Excel is a widely used data management tool that helps us analyze and interpret data. It is underappreciated for the wide variety of tasks that can be performed on the application. Excel has a versatile library of built-functions, making it a very powerful tool. Hence making it a popular one too.

In this article, we will be discussing the function COUNT in Excel.

As the name suggests, the ‘COUNT’ function helps us count cells in Excel. But that’s not it! There are five variations of COUNT in Excel, which helps us perform numerous counting tasks that we will be exploring in this article.

## What is COUNT in Excel?

COUNT is generally a function used to count the number of cells in Excel. There are two different ways to use COUNT in Excel. The syntax is as follows:

### COUNT(value1,[value2],…)

The parameters of the COUNT function include comma-separated values. This function returns the total count of numeric values specified.

Usage:

Here we specify multiple values as the parameter and the COUNT function finds the total count of values in it.

NOTE: This function works only on numeric data. Hence, it will not find the count of text values if specified.

### COUNT(range)

This function is used to count the number of cells in a specified range. It can be used to quantify data.

As we can see, using =COUNT(A2: A6), we get the count of cells in the range A2 to A6. This function works only on numeric data.

Now that we have understood how to use the function COUNT in Excel let’s look at the next function - COUNTA.

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## What Does the Function COUNTA Do in Excel?

This function counts cells with data, i.e., non-empty values within a range. The syntax is as follows:

### =COUNTA(value1,[value2],…)

The values can be any range too. For example A1:A10

Usage:

As shown above, =COUNTA(E2: E6) counts cells with data(non-empty cells) in the range E2 to E6.

## What Is the Difference Between COUNT and COUNTA in Excel?

COUNT calculates the count of cells with numeric values. In comparison, COUNTA finds the count of cells with non-empty data.

## How Do You Use COUNTBLANK?

As the name implies, COUNTBLANK is a simple function that counts the number of blank or empty cells. The syntax is as follows:

### =COUNTBLANK(range)

The COUNTBLANK function works on a specified range as a parameter.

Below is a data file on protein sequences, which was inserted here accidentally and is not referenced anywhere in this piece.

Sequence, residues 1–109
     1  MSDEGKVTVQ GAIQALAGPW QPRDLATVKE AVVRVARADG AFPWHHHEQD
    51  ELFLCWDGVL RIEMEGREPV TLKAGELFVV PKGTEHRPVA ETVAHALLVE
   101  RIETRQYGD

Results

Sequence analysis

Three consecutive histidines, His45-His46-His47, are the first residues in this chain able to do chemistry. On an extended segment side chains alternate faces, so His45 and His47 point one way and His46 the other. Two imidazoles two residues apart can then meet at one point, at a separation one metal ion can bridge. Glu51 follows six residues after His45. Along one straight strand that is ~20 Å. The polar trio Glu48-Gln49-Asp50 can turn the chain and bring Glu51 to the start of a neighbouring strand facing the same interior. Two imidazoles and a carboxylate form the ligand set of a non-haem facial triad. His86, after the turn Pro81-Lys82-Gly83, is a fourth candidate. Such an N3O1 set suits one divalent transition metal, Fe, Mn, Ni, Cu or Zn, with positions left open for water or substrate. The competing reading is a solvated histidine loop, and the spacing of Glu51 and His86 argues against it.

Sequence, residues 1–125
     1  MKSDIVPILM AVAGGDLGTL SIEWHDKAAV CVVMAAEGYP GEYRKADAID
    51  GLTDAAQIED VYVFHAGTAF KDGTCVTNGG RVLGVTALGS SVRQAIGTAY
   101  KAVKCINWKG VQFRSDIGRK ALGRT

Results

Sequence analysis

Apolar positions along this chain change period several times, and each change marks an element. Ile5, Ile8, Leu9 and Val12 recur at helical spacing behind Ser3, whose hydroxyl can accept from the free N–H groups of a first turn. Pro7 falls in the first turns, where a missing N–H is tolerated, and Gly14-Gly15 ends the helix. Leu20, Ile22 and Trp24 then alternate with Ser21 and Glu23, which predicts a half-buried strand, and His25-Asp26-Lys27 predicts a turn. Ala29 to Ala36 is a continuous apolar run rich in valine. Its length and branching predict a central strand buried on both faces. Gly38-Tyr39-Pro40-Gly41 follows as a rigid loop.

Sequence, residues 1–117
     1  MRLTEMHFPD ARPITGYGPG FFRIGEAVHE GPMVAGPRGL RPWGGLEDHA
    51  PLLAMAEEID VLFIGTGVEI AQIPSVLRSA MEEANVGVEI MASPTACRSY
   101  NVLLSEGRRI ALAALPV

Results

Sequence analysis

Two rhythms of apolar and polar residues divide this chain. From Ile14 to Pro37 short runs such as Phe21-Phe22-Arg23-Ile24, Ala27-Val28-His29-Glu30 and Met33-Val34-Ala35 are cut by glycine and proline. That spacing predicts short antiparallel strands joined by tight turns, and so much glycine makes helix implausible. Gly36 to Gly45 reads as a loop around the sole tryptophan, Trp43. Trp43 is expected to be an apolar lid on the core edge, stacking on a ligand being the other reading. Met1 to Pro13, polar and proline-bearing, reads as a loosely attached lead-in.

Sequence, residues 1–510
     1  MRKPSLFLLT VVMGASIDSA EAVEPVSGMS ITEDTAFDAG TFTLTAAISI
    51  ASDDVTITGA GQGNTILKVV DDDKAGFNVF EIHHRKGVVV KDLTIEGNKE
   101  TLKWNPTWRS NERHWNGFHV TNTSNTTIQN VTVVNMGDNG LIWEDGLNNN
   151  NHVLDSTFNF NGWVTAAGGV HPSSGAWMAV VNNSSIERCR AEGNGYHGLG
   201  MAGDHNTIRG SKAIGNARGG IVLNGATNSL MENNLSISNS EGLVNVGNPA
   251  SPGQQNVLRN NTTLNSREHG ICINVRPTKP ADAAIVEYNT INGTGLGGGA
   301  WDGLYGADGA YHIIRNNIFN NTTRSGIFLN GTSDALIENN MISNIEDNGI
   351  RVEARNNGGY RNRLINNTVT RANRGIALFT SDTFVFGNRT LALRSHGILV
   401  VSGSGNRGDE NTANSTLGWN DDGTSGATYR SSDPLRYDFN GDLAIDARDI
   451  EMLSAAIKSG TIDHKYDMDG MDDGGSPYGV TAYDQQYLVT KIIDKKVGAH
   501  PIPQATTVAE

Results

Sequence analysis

Usage:

Looking at the example shown, COUNTBLANK helps count cells that are left blank/empty. We can use this function to find the entries that are left blank.

## How Do You Use COUNTIF?

The COUNTIF function counts cells that match specific criteria. The syntax is as follows:

### =COUNTIF(range,criteria)

The two arguments here are:

• Range- which can be specified as a range of cells in Excel. For example B1: B6
• Criteria- a condition on the function. For example: “>50”, A1

This function works on the specified range, counting the cells that match the criteria or condition.

Usage:

• COUNTIF can be used to match the criterion with a string.

For example:

We are using the formula =COUNTIF(C2: C6, “Tianjin”) to check how many locations match the city “Tianjin”.

• COUNTIF can be used to count cells with text-

Counting cells that only contain text is simple. We use ‘*’ as the condition.

The ‘*’ or asterisk symbol helps find any number of characters. In the following demo, you will see how the wildcard ‘*’ matches any number of characters.

The function =COUNTIF(D2: E12,”*”) executes over the range D2 to E12 and counts cells that contain text.

If you want a partial match, you can use wildcard characters to count cells that contain a particular word or letters. Look at the example below:

The formula =COUNTIF(C2: C12, “*HUBEI*”) counts the cells that have the value “HUBEI” in the range C2 to C12.

NOTE: Here, the asterisk symbol helps find cells with any sequence of leading or trailing characters. Also, this does not apply to boolean values.